ADHD and Risky Behavior in Adults – Speeding and dangerous driving

You might notice someone you care about with ADHD acting out in ways that are disturbing you, others, or themselves. ADHD could be a cause of their actions.

While not all adults with ADHD have risky behaviors, many do. Why? Research has shown that ADHD sufferers often have lower levels neurotransmitters, which are brain chemicals. Dopamine is just one example. Stephanie Sarkis PhD, a mental counselor and author of Adult ADD – A Guide for the Newly Diagnosed, says that reckless behavior can increase dopamine levels. They may feel a bit more dopamine if they take risks. ADHD patients may also be susceptible to impulsive or risky behavior due to their genetics.

Some people with ADHD may have minor problems, such as missing meetings or being late. Some may drive at dangerous speeds or abuse alcohol. You and your loved ones with ADHD will be better able to understand the link between ADHD and risky behaviors.

ADHD-related problems

ADHD can lead to some dangerous or difficult behaviors, such as:

  • Having trouble getting motivated, or finishing tasks at work or home?
  • Not following through or being late with commitments, appointments, and responsibilities
  • Impulsive spending and overspending
  • Fighting or arguing
  • Problems maintaining romantic and friendship relationships
  • Dangerous driving and speeding
  • Substance abuse (ADHD) can make you six times more likely than others to abuse drugs or alcohol.
  • Unprotected sex is a risky behavior.

Others can also influence whether or not someone with ADHD behaves in dangerous or risky ways. The environment they live in, their friends, and any health issues such as depression or head injuries can all make a difference.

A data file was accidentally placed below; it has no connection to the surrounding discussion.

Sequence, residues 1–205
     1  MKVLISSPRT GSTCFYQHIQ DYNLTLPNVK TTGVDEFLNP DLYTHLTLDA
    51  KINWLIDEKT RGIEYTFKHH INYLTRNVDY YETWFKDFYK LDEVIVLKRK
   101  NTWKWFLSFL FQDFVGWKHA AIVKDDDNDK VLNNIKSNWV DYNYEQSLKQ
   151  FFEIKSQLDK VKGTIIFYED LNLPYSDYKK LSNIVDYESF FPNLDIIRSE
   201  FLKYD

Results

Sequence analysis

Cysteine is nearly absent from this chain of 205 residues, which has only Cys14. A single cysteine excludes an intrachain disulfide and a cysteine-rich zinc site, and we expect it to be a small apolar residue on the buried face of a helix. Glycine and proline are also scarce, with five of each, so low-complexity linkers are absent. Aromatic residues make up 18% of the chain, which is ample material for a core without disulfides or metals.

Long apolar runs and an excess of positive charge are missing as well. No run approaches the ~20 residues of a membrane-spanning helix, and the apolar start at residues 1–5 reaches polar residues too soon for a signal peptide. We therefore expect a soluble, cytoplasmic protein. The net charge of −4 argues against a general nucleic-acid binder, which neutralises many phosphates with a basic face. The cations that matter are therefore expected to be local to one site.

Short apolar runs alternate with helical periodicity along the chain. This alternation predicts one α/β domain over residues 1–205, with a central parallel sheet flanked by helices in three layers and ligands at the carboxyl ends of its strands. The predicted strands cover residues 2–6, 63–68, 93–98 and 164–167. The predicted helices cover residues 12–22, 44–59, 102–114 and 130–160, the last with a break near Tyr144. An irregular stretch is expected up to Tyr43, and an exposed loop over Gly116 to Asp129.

How can you help?

There are ways you can help someone with ADHD who is showing signs of distress.

  • Do not place blame. It is important to remember that ADHD is a neurological, genetic, and biological disorder. Sarkis states that ADHD is real and can have serious consequences for those who suffer from it.
  • Be kind and understanding, rather than being critical or angry, to increase the chances that your loved one will trust and come to you when they need you.
  • Partner in planning. Sarkis explains that ADHD can affect the brain’s frontal regions, which are responsible to planning and organizing ahead.
  • You can work with them to establish and maintain a routine. You could, for example, create a schedule and plan certain activities each day.
  • This can help reduce lateness and encourage them to keep their promises.
  • Get active with your partner. Recent research has shown that exercise can reduce ADHD symptoms. One reason is that even short bursts can increase brain chemicals such as dopamine. Increasing those levels in healthy ways, such as through exercise, may reduce the risk that someone with ADHD will engage in other dangerous activities like speeding or alcohol abuse.
  • Encourage them to seek treatment, and to stay on the path. ADHD medication can help some people. One study showed that ADHD patients who continued to take their medication reduced their chances of being involved in traffic accidents by over 50%. Talking to a psychiatrist who is experienced in ADHD treatment can help you or your loved one determine if medication is right for them.

Research has shown that cognitive behavioral therapy can reduce ADHD symptoms. Cognitive behavioral therapy is a type of therapy that focuses on changing negative thoughts to improve behavior. Sarkis states that counseling and medication work together better than if they are done separately. Although there is no cure for ADHD or a way to improve the quality of life for those with it, treatment can help.

Updated 01/24/22